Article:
Every time I train staff on Blackboard someone will say something along the lines of “I didn’t know Blackboard could do so much”. In accomplishing day to day tasks we forget to explore. We miss all the opportunities technology can afford.
one effective way to develop self-regulation in students is to provide them with opportunities to practice regulating aspects of their own learning and to reflect on that practice. (Nicol and MacFarlane-Dick, 2006)
Journals allow students to communicate directly with you. Private journals are an ideal tool for reflective journals. Students are able to share their thoughts, feelings and opinions in private with you. Students could use a journal to:
- Reflect on the results of their assessment
- Tell you about their progress on a project
- Share difficulties they are having with group work
Blogs allow students to express their ideas and opinions in a social learning space. Blogs are public and allow students to comment on each others posts. Students could blog about:
- The development of an idea for a project
- Record the progress of a project
- Resources they have found
Students learn a great deal by explaining their ideas to others and by participating in activities in which they can learn from their peers (Boud et al., 2001).
Think of a Wikipedia for your subject. Students can collaborate by creating pages, adding content and editing existing content to create a course resource. Students could create a Wiki on:
- Topics that are covered in the course
- Create a Wiki in a group
- Sharing ideas
- Collecting useful resources
Discussions boards allow students to communicate asynchronously. Students can discuss course topics, pose questions and share resources.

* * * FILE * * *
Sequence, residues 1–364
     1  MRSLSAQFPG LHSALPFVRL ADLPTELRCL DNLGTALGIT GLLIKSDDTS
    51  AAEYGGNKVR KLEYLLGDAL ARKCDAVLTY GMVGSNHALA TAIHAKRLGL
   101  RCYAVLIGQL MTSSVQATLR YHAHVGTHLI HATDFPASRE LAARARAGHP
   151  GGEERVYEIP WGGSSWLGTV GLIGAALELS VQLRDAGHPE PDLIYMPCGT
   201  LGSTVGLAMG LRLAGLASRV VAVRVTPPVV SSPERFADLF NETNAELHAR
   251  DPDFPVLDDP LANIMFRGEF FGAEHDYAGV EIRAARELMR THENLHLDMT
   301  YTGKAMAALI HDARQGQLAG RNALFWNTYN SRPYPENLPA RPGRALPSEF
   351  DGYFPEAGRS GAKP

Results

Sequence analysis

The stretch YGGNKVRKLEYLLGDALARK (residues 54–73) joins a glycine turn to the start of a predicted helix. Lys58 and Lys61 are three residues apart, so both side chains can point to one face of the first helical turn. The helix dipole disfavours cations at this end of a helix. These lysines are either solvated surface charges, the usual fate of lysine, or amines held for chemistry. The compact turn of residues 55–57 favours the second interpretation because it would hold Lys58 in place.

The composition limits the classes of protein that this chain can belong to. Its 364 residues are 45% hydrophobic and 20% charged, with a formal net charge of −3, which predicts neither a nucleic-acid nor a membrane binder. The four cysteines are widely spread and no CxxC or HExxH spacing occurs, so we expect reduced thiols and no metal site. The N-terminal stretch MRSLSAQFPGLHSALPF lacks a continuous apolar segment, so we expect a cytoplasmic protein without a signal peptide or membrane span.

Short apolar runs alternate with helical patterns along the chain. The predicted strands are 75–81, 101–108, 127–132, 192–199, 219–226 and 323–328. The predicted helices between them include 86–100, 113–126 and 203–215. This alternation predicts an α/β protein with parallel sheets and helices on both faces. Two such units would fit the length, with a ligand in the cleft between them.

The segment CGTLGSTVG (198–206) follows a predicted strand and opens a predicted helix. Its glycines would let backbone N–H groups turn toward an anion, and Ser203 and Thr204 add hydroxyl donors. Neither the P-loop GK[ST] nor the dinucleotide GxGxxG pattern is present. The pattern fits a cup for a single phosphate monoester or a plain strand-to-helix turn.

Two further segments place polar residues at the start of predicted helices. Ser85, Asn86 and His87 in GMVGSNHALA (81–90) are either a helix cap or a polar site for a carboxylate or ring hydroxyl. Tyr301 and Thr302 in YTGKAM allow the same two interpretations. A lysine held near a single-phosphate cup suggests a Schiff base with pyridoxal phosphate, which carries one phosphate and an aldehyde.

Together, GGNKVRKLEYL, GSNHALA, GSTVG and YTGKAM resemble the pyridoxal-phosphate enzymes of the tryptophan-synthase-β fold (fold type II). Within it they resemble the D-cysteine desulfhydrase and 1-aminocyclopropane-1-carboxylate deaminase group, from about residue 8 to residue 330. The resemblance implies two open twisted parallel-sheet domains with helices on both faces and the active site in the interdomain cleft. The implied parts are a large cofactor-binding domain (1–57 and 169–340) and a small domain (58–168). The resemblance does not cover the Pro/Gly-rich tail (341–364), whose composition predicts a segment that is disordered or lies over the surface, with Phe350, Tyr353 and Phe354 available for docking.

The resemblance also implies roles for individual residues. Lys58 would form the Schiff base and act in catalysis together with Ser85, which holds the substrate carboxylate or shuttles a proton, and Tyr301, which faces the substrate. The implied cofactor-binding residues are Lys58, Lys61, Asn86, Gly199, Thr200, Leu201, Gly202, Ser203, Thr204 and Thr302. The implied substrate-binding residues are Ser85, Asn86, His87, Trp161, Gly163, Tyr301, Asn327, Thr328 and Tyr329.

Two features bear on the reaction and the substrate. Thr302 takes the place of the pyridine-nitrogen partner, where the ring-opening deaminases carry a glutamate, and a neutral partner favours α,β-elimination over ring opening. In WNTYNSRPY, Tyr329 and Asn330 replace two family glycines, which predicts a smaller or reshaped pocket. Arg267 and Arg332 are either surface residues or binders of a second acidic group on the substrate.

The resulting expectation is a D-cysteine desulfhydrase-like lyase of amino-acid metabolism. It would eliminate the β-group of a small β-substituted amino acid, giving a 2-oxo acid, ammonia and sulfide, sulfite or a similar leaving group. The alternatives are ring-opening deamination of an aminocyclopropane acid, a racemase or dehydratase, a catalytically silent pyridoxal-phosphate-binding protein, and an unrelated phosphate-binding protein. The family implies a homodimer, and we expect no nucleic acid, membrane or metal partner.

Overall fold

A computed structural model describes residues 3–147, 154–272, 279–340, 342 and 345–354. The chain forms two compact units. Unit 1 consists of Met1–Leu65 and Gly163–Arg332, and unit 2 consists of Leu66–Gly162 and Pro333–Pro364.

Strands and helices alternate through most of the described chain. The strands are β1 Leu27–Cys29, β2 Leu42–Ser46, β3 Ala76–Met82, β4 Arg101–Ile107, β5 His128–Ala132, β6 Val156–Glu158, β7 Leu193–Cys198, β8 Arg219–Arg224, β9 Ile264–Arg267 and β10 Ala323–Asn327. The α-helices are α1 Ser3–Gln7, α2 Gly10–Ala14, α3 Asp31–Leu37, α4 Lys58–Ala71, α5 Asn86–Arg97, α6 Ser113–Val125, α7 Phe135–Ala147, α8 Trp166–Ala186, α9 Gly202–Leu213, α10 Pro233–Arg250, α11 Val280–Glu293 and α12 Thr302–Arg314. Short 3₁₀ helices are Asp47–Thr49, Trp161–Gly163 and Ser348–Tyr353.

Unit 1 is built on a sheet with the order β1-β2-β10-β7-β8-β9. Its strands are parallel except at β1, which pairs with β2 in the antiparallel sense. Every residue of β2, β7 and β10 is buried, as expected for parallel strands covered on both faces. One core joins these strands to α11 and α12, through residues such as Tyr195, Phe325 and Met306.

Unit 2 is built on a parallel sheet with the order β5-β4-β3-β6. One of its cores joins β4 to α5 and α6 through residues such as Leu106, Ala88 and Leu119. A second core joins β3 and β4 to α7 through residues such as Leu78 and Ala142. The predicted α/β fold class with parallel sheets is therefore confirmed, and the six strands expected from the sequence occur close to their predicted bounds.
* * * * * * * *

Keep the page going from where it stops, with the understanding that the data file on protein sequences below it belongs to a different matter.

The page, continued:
- Create a question and answer forum for assessments
- Ask students to debate a topic
- Ask students to share useful articles
Students indicated that completing a structured, comprehensive review for someone else is an illuminating way of becoming aware of areas that require attention in their own work. (Mulder et al., 2014)
Students can read, review, and evaluate work submitted by their peers. Reviews can be anonymous and instructors can assign a student specific papers to review. Instructors can provide marking criteria and questions on which each paper is to be reviewed.
Boud, D. Cohen, R. and Sampson, J. (2001) Peer learning in higher education. [online] London:Kogan Page. Available from https://books.google.co.uk/books?id=dHN9AwAAQBAJ [Accessed 8 April 2016].
Mulder, R. Pearce, J. and Baik, C. (2014) Peer review in higher education: Student perceptions before and after participation. Active Learning in Higher Education, 15 (2) 157–171.
Nicol, D. and MacFarlane-Dick, D. (2006) Formative assessment and self-regulated learning: A model and seven principles of good feedback practice. Studies in Higher Education, 31 (2) 199-218.